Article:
\(p\)-adic Valuations on Number Fields and Their Subrings and Completions#
EXAMPLES:
sage: ZZ.valuation(2)
2-adic valuation
sage: QQ.valuation(3)
3-adic valuation
sage: CyclotomicField(5).valuation(5)
5-adic valuation
sage: GaussianIntegers().valuation(7)
7-adic valuation
sage: Zp(11).valuation()
11-adic valuation
These valuations can then, e.g., be used to compute approximate factorizations in the completion of a ring:
sage: v = ZZ.valuation(2)
sage: R.<x> = ZZ[]
sage: f = x^5 + x^4 + x^3 + x^2 + x - 1
sage: v.montes_factorization(f, required_precision=20)
(x + 676027) * (x^4 + 372550*x^3 + 464863*x^2 + 385052*x + 297869)
AUTHORS:
Julian Rüth (2013-03-16): initial version
REFERENCES:
The theory used here was originally developed in [Mac1936I] and [Mac1936II]. An overview can also be found in Chapter 4 of [Rüt2014].
- class sage.rings.padics.padic_valuation.PadicValuationFactory#
Bases:
UniqueFactory
Create a
prime
-adic valuation onR
.INPUT:
R
– a subring of a number field or a subring of a local field in characteristic zeroprime
– a prime that does not split, a discrete (pseudo-)valuation, a fractional ideal, orNone
(default:None
)
EXAMPLES:
For integers and rational numbers,
prime
is just a prime of the integers:sage: valuations.pAdicValuation(ZZ, 3) 3-adic valuation sage: valuations.pAdicValuation(QQ, 3) 3-adic valuation
prime
may beNone
for local rings:sage: valuations.pAdicValuation(Qp(2)) 2-adic valuation sage: valuations.pAdicValuation(Zp(2)) 2-adic valuation
But it must be specified in all other cases:
sage: valuations.pAdicValuation(ZZ) Traceback (most recent call last): ... ValueError: prime must be specified for this ring
It can sometimes be beneficial to define a number field extension as a quotient of a polynomial ring (since number field extensions always compute an absolute polynomial defining the extension which can be very costly):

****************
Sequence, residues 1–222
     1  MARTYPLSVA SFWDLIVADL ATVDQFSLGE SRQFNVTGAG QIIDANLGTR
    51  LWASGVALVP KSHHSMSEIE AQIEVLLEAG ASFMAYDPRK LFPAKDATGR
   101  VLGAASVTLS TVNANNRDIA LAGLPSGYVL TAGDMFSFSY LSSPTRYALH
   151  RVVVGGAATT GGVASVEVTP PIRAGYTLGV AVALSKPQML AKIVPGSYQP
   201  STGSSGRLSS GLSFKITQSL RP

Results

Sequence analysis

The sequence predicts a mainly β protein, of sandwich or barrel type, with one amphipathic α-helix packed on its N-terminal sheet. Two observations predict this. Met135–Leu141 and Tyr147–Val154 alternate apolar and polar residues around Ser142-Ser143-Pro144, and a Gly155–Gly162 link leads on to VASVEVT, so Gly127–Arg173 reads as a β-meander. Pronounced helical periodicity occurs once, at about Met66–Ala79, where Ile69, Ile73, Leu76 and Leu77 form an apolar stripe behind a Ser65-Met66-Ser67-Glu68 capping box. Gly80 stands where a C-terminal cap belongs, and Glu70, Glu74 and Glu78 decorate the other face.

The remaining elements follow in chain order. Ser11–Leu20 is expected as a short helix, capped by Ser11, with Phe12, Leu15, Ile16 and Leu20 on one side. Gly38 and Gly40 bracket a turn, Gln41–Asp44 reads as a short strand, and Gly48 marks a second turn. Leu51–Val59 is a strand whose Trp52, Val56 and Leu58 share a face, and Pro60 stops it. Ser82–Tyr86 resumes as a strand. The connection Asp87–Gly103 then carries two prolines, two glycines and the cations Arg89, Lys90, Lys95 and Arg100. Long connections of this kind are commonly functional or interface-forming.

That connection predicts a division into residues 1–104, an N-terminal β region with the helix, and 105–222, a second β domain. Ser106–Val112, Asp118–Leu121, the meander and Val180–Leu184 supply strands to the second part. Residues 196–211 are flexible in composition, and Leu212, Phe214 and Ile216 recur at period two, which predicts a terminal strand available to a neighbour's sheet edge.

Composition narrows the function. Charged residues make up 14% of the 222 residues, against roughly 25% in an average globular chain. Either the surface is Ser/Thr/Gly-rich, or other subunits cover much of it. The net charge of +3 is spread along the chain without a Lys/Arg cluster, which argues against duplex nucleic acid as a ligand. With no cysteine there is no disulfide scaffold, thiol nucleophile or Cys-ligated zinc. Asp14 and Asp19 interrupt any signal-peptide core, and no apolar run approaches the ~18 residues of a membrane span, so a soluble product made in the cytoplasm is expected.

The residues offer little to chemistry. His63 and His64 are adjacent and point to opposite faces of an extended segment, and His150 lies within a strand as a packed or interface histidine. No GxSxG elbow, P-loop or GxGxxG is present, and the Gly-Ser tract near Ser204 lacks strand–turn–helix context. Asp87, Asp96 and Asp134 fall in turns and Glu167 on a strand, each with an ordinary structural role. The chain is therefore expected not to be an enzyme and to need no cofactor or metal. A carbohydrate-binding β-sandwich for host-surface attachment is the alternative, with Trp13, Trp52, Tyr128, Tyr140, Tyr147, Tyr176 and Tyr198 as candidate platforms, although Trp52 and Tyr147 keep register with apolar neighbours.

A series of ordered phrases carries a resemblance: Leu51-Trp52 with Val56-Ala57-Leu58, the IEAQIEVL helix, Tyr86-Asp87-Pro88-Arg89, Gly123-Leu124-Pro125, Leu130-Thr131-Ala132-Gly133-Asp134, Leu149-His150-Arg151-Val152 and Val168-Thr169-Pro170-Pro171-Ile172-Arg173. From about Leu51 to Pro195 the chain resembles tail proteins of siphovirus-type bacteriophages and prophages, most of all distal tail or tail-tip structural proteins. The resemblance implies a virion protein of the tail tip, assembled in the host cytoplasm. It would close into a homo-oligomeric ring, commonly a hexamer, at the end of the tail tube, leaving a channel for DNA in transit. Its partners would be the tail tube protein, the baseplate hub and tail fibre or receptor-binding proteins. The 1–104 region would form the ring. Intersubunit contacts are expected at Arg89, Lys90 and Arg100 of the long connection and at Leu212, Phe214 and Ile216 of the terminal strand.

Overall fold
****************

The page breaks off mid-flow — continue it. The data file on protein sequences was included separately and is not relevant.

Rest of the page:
sage: R.<x> = QQ[] sage: K.<a> = NumberField(x^2 + 1) sage: R.<x> = K[] sage: L.<b> = R.quo(x^2 + a) sage: valuations.pAdicValuation(L, 2) 2-adic valuation
See also
NumberField_generic.valuation()
,Order.valuation()
,pAdicGeneric.valuation()
,RationalField.valuation()
,IntegerRing_class.valuation()
.- create_key_and_extra_args(R, prime=None, approximants=None)#
Create a unique key identifying the valuation of
R
with respect toprime
.EXAMPLES:
sage: QQ.valuation(2) # indirect doctest 2-adic valuation
- create_key_and_extra_args_for_number_field(R, prime, approximants)#
Create a unique key identifying the valuation of
R
with respect toprime
.EXAMPLES:
sage: GaussianIntegers().valuation(2) # indirect doctest 2-adic valuation
- create_key_and_extra_args_for_number_field_from_ideal(R, I, prime)#
Create a unique key identifying the valuation of
R
with respect toI
.Note
prime
, the original parameter that was passed tocreate_key_and_extra_args()
, is only used to provide more meaningful error messagesEXAMPLES:
sage: GaussianIntegers().valuation(GaussianIntegers().number_field().fractional_ideal(2)) # indirect doctest 2-adic valuation
- create_key_and_extra_args_for_number_field_from_valuation(R, v, prime, approximants)#
Create a unique key identifying the valuation of
R
with respect tov
.Note
prime
, the original parameter that was passed tocreate_key_and_extra_args()
, is only used to provide more meaningful error messagesEXAMPLES: